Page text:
Australian photographer Rod McNicol has made a 36-year career out of a singular vision; to take portraits in the 19th Century ‘stare back’ style. Now a major survey of his work, ‘Memento Mori’, is on show in Melbourne.
McNicol was one of the early students of the now infamous Prahran College of the Arts in Melbourne. In its heyday in the seventies, and under the tutelage of one of the most creative, and unorthodox teaching staff, Prahran encouraged its students to genuinely think outside the box. But after a semester at Prahran McNicol decided the College environment wasn’t for him. “I knew I’d be locked into this obsession and I was right. Three and a half decades later and I’m still there”.
In his short time at Prahran McNicol made important contacts that led him to co-found The Photographer’s Gallery in Melbourne with filmmaker Paul Cox, a former teacher at the College and photographer John Williams. The Photographer’s Gallery, which is now defunct, “was a locus and the means whereby Australians, working at home, could gain credibility overseas,” to quote Tony Perry, a former teacher at Melbourne’s Photography Studies College, in 1980.
Out on his own McNicol rented a “daylight studio” in the inner Melbourne suburb of Fitzroy, where he still practices today. “I’m a serious village elder of this area now,” he laughs telling that the neighbourhood has changed dramatically in the 36 years he’s been in the studio. Like other dilapidated, but colourful inner city suburbs, the gentrification brush has swept through Fitzroy too. Spaces like McNicol’s studio add flavour to a suburb that is at risk of becoming too vanilla and losing its Bohemian cache. But while he watches new apartment blocks replace old shops and arcades on the street where his studio sits McNicol wonders how much longer he’ll be able to stay; “my work is etched into these walls” he laments.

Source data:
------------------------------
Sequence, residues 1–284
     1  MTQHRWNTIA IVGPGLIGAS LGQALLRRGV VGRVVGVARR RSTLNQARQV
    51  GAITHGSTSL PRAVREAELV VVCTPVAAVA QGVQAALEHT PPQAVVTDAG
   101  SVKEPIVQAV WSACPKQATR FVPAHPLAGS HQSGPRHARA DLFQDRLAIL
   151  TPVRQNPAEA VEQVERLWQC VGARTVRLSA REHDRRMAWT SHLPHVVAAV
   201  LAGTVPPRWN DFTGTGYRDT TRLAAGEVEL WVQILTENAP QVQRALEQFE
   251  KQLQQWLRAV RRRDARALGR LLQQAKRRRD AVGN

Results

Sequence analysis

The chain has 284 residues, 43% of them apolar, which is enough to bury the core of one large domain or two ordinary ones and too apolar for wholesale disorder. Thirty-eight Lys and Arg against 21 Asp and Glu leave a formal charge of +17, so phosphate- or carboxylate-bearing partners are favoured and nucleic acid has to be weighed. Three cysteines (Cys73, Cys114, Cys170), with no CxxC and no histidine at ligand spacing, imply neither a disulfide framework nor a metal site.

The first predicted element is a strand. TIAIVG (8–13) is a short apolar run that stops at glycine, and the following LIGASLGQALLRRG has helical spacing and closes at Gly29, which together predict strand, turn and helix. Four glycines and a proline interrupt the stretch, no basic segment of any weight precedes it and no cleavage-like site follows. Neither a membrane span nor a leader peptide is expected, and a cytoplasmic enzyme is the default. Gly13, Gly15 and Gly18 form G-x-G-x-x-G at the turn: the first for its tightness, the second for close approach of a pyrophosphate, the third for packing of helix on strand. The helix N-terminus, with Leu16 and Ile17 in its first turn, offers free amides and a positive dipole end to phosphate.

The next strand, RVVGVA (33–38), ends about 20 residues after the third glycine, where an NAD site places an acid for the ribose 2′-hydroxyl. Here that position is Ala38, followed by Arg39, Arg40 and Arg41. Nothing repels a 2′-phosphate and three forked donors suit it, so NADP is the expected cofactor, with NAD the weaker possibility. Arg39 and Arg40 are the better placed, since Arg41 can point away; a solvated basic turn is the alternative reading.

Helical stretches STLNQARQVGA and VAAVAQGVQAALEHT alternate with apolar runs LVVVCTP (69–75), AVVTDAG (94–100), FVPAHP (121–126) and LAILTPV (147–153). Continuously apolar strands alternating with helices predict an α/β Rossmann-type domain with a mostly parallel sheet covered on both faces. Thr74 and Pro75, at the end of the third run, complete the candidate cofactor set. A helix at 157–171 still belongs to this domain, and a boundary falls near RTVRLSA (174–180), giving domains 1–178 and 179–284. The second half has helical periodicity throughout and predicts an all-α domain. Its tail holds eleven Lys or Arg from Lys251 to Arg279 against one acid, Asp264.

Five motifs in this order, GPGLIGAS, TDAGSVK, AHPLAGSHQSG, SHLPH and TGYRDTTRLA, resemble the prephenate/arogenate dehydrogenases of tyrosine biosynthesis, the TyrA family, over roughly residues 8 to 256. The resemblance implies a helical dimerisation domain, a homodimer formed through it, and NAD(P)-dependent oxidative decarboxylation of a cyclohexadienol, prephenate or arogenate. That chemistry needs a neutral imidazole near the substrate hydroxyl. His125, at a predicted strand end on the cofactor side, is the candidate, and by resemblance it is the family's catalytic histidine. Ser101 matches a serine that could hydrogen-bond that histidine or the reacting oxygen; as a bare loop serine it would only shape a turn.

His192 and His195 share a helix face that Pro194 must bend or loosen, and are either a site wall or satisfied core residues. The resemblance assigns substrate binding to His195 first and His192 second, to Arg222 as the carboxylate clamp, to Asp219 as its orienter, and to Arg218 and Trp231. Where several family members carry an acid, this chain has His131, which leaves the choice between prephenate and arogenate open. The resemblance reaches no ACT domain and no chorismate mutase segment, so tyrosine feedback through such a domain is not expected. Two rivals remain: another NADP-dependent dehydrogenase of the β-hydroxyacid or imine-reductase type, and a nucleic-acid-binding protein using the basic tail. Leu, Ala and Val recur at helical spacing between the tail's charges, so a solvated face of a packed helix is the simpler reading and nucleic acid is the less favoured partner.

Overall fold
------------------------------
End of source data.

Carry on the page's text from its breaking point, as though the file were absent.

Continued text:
It was here in Fitzroy that McNicol started taking photographs of his peers, images that became part of his early body of portraiture work, and some of which form the basis to the double portrait series on exhibition. “They were very stark, very black and white and framed identically and quite ruthlessly,” he says.
Work from this period has been shown in Australia and also overseas, but McNicol is largely unknown outside the insular art photography scene here.His story is not dissimilar to another Australian photographer, Max Pam. Lauded in Europe, and France in particular, Pam is somewhat ignored in his homeland. McNicol expresses his empathy. He tells, “The French get me. They took to my photographs quite readily because I was not just referencing the history of portraiture in photography. I was also drawing on imagery that came outside art – criminology, mug shots and also phrenology”. McNicol’s leaning towards the bizarre, creates an ambience of intrigue that appeals to the French sensibility in art and the Bibliotheque Nationale in Paris counts McNicol’s portraits in its collection.
The title of his exhibition ‘Memento Mori,’ is Latin for a symbolic reminder of the inevitability of death. McNicol says it reflects the origins of his “obsession” with a particular type of portrait photography. “I came into photography when it was more social documentary, generally speaking. But I was always fascinated by 19th century photography especially portraits where people were staring back into the camera”.